Economists have argued gender bias of parental care as unequal allocation of parental investment to maximize one’s own utility. Thomas (32) proposed the “like father, like son; like mother, like daughter” hypothesis. In the resource-limited condition, parents may make unequal allocations of resources among children. If men and women have socially different tasks, mothers may invest more in daughters and fathers in sons due to expectations of future returns to the investments in the form of help for their tasks from children of the same gender as them. If there is a conflicting interest between the father and mother about investment in a child, whether father or mother has the power to make a decision should be considered as another key determinant influencing actual behavior.
The observed gender bias of utilization of health-care facilities for febrile children may be a girl preference by female caregivers. In the study area, the division of labor based on gender and cooperation of labor between household members for food production from sago palm (Metroxylin sagu), the staple food of the area, were reported (33). The result was in accordance with the economic hypothesis mentioned above. However, recent analysis in 57 low- and middle-income countries reported that the proportion of utilization of health facilities for common illness of children was similar for boys and girls (34). In only two countries (Haiti and Uganda), females were more likely to be taken to health facilities, although the result from PNG was not included in the study. Because female bias in caregiver health-care-seeking behavior seemed rare (34), caution should be exercised with application of the “like father, like son; like mother, like daughter” hypothesis. Female vulnerability due to lower general health status in PNG could be a reason for the observed gender bias in health-care facility utilization (15).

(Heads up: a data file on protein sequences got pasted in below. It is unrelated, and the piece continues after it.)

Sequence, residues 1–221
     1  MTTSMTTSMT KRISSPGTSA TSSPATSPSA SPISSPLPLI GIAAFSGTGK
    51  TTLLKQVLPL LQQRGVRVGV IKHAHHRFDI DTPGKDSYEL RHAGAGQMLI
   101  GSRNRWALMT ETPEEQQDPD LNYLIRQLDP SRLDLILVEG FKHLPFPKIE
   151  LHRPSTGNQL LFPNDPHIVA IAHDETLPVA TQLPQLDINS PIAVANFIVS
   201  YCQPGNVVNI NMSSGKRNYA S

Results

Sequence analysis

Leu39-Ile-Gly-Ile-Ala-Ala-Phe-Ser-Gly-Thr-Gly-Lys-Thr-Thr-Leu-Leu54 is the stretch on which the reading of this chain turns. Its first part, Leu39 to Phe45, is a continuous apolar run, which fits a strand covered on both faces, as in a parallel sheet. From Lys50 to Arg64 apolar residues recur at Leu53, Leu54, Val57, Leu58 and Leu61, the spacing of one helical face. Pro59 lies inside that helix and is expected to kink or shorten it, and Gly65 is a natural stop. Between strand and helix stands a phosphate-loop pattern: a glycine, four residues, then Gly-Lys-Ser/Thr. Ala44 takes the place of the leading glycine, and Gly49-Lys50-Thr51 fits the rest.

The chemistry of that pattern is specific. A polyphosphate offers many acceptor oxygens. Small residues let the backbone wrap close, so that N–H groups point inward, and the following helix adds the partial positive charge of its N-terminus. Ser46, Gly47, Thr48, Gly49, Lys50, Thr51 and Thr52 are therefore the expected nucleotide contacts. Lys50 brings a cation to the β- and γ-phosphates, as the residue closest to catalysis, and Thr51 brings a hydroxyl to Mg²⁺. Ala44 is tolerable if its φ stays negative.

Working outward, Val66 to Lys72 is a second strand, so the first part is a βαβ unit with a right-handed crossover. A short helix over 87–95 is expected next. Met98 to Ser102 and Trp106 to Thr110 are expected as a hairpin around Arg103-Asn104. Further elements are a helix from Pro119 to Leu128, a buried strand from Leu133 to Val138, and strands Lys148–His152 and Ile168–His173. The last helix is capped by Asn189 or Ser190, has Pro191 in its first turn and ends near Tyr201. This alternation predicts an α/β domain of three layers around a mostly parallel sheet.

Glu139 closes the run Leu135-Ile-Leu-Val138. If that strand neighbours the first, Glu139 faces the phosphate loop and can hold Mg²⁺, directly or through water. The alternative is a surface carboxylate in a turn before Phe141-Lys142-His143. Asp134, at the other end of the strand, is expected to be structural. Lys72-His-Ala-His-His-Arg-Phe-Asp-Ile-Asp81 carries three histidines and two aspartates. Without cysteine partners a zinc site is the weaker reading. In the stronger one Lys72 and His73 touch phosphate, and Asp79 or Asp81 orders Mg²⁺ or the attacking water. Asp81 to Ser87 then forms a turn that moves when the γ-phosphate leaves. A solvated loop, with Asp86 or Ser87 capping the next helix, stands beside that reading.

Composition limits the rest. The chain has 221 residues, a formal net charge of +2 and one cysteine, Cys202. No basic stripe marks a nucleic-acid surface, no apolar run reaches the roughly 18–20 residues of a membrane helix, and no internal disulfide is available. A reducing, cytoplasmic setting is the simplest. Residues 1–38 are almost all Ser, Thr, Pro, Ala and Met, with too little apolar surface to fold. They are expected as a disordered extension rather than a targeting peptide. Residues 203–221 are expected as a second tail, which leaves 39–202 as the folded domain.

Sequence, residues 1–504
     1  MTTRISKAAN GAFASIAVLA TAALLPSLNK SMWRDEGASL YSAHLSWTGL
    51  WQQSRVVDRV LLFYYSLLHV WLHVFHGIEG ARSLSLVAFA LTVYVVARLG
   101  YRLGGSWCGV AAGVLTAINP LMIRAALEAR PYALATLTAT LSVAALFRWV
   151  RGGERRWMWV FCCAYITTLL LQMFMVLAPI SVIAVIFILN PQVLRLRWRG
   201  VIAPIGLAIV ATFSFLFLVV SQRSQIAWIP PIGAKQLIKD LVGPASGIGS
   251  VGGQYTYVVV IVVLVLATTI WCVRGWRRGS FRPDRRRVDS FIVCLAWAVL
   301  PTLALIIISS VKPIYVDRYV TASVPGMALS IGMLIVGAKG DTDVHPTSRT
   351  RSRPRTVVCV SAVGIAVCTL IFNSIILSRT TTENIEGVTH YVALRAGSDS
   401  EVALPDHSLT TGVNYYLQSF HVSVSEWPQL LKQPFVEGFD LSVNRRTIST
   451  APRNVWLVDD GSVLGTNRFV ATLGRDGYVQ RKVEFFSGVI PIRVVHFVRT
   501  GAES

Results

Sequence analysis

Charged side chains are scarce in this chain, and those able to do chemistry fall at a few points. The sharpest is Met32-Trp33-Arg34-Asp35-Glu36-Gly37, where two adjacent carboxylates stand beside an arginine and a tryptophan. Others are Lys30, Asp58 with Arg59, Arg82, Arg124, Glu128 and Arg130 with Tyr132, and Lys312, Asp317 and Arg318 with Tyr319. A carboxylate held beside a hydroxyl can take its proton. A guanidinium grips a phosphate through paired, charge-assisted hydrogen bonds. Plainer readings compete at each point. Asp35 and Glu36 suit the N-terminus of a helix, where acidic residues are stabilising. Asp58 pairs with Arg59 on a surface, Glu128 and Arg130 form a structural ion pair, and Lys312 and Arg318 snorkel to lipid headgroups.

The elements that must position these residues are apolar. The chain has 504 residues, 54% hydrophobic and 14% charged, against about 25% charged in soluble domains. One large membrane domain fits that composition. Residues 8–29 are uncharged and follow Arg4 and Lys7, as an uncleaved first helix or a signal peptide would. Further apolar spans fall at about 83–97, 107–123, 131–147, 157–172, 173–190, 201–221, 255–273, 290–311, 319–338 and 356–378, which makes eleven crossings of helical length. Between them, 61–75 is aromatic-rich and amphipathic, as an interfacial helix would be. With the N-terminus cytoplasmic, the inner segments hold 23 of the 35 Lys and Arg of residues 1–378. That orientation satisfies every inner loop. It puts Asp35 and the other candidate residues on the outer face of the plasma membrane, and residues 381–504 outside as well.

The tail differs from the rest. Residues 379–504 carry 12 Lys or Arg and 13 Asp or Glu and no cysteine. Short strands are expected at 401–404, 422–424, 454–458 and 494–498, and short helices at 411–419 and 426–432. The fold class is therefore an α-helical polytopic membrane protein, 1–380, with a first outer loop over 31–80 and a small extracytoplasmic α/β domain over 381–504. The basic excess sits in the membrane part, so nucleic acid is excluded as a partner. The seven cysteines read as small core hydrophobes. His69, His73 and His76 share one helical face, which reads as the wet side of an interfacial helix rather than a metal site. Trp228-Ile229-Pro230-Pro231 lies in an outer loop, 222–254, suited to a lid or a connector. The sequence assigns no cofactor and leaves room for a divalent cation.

Our study includes several limitations. First, propensity score matching can reduce selection bias in estimating treatment effects due to observed differences between the treatment and comparison groups, but our estimation is subject to biases from unobserved covariates. In particular, we were not able to remove the influence of an unobserved time change between 2011 and 2015 because policy change was simultaneously introduced in the study area. The global trend in treatment seeking for formal health facilities was estimated to show a 0.93 percentage point increase per year during the last 20 years (34). If this was the case in the study area, the trend increase is estimated to show a 3.7 percentage point increase before and after the introduction of RDT/ACT. Considering the magnitude of estimated ATE, a 6.3% point increase, there may be little risk of bias in the main findings because the difference of health service utilization before and after the introduction of RDT/ACT is expected to be smaller. Second, the external validity of the study was limited because our study population was limited to a catchment area of a health center in rural PNG. The proportion of health service utilization may be relatively high partly because over-the-counter use was not common in the study area. This may influence the results. Third, all information related to individual characteristics was based on caregiver reports. To minimize recall bias, we focused on fever episodes in the 2-week preceding reports.